The prosecution goes back to the journal that Roger found in which Nathan expressed that he hated his parents and wished they would die. Sears asks if Roger ever read anything about abuse, Germany, etc. No, Roger replied.

The high school counselor incident is brought up and gone over again.

The details of the night Roger went to the police station are gone over again.

The prosecution then moves on to the day of Nathan’s arrest and how Roger came to hire an attorney for Nathan. Roger states that he met with a public defender, decided he wanted more, and eventually hired Craig Truman because he was told by a friend that Craig was one of the top criminal defenders in the Denver area. Roger then admits that he paid most of the money to Mr. Truman personally, but that a little came from his mother. (Oh really? Hmm, how interesting. That blows a hole in one of the prosecution’s major points of earlier in the week). Sears: Did Craig represent YOU in any way? Roger: No. Sears: Did you run out of money at some point? Roger: Yes. Sears: Did you go talk to Craig? Roger: I wrote him a letter. Sears: When was this? Roger: Sometime after the preliminary hearing, in the fall. Sears: Did you tell him that you would maybe pay him some money in the future when you could? Roger: No, I told him I couldn’t give him anymore money at all and that if he wanted to get Nathan a public defender then I would understand. Sears: But Craig said he would stay on, is that correct? Roger: Yes. Sears: Did Craig continue to consult you after that regarding Nathan’s case? Roger: No, it was mostly chit chat after that.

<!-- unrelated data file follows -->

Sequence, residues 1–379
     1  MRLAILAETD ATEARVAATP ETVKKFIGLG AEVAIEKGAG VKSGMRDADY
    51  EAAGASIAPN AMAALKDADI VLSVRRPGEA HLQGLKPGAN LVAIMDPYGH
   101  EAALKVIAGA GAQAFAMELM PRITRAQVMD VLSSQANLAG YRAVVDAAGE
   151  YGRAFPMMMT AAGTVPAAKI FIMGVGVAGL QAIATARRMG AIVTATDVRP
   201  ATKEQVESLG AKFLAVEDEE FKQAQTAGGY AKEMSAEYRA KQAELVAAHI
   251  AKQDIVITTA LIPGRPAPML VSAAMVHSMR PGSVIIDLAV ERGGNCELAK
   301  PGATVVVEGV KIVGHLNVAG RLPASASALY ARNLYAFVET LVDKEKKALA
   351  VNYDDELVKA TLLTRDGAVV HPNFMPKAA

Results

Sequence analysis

Sears then directs the questioning around when exactly Nathan started to change. Roger states that in May of 1998 they found pot in Nathan’s room and he was not made to go back to Colorado Christian Academy because Nathan had been labeled a rat (Roger called the parents of the kid that had given Nathan the pot) and Nathan was afraid of getting beat up. It was later on that summer when he met Brett Baker and Erik Jensen at the local pizza parlor when all of the other stuff really came into play.

When Mr. Sears asked Roger what the difference between juvenile and adult court was, the defense objects and it is sustained, since there is no foundation that Roger knows anything about either. Sears gets his question answered in another way after Roger states that it was his feeling that in juvenile court he felt that Nathan would have a better grasp of what was going on and be able to understand it. Adult court, Roger stated, was much more serious.

Sears asks Roger if Julie ever threatened or abused Nathan. No, Roger replies, not in front of me. Sears then asks about the threat that Erik Jensen made to Julie to kill her. How did Nathan react when told one of his friends had threatened to kill his mother? Roger stated that Nathan didn’t believe it.